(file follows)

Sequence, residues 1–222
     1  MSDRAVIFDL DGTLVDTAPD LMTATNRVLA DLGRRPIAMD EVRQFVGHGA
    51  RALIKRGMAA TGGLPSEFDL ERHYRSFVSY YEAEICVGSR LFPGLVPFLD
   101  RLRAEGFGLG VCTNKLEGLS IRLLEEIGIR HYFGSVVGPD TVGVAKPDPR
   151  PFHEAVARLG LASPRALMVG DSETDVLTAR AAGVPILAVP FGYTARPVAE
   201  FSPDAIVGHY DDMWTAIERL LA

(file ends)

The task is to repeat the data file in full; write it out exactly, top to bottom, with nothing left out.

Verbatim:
Sequence, residues 1–222
     1  MSDRAVIFDL DGTLVDTAPD LMTATNRVLA DLGRRPIAMD EVRQFVGHGA
    51  RALIKRGMAA TGGLPSEFDL ERHYRSFVSY YEAEICVGSR LFPGLVPFLD
   101  RLRAEGFGLG VCTNKLEGLS IRLLEEIGIR HYFGSVVGPD TVGVAKPDPR
   151  PFHEAVARLG LASPRALMVG DSETDVLTAR AAGVPILAVP FGYTARPVAE
   201  FSPDAIVGHY DDMWTAIERL LA